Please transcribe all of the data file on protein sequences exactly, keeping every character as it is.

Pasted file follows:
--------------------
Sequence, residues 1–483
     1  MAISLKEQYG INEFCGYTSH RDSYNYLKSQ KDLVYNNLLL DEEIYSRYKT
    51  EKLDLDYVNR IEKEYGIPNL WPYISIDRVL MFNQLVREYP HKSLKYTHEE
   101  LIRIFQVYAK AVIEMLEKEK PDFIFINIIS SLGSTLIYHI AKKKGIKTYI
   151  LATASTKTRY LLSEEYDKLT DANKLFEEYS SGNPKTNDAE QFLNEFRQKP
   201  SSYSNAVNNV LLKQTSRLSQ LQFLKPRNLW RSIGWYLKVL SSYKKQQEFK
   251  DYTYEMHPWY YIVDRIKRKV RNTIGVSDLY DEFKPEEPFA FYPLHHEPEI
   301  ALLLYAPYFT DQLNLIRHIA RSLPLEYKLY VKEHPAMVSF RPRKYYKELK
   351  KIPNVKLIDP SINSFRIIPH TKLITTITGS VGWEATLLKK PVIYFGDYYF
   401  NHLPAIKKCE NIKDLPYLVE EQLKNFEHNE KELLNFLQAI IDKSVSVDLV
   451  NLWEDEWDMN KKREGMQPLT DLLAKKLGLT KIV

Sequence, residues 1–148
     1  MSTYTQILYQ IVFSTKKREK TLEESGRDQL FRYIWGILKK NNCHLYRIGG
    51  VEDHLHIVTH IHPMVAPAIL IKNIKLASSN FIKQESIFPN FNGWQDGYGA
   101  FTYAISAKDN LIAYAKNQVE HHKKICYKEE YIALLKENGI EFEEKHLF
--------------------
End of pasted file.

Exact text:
Sequence, residues 1–483
     1  MAISLKEQYG INEFCGYTSH RDSYNYLKSQ KDLVYNNLLL DEEIYSRYKT
    51  EKLDLDYVNR IEKEYGIPNL WPYISIDRVL MFNQLVREYP HKSLKYTHEE
   101  LIRIFQVYAK AVIEMLEKEK PDFIFINIIS SLGSTLIYHI AKKKGIKTYI
   151  LATASTKTRY LLSEEYDKLT DANKLFEEYS SGNPKTNDAE QFLNEFRQKP
   201  SSYSNAVNNV LLKQTSRLSQ LQFLKPRNLW RSIGWYLKVL SSYKKQQEFK
   251  DYTYEMHPWY YIVDRIKRKV RNTIGVSDLY DEFKPEEPFA FYPLHHEPEI
   301  ALLLYAPYFT DQLNLIRHIA RSLPLEYKLY VKEHPAMVSF RPRKYYKELK
   351  KIPNVKLIDP SINSFRIIPH TKLITTITGS VGWEATLLKK PVIYFGDYYF
   401  NHLPAIKKCE NIKDLPYLVE EQLKNFEHNE KELLNFLQAI IDKSVSVDLV
   451  NLWEDEWDMN KKREGMQPLT DLLAKKLGLT KIV

Sequence, residues 1–148
     1  MSTYTQILYQ IVFSTKKREK TLEESGRDQL FRYIWGILKK NNCHLYRIGG
    51  VEDHLHIVTH IHPMVAPAIL IKNIKLASSN FIKQESIFPN FNGWQDGYGA
   101  FTYAISAKDN LIAYAKNQVE HHKKICYKEE YIALLKENGI EFEEKHLF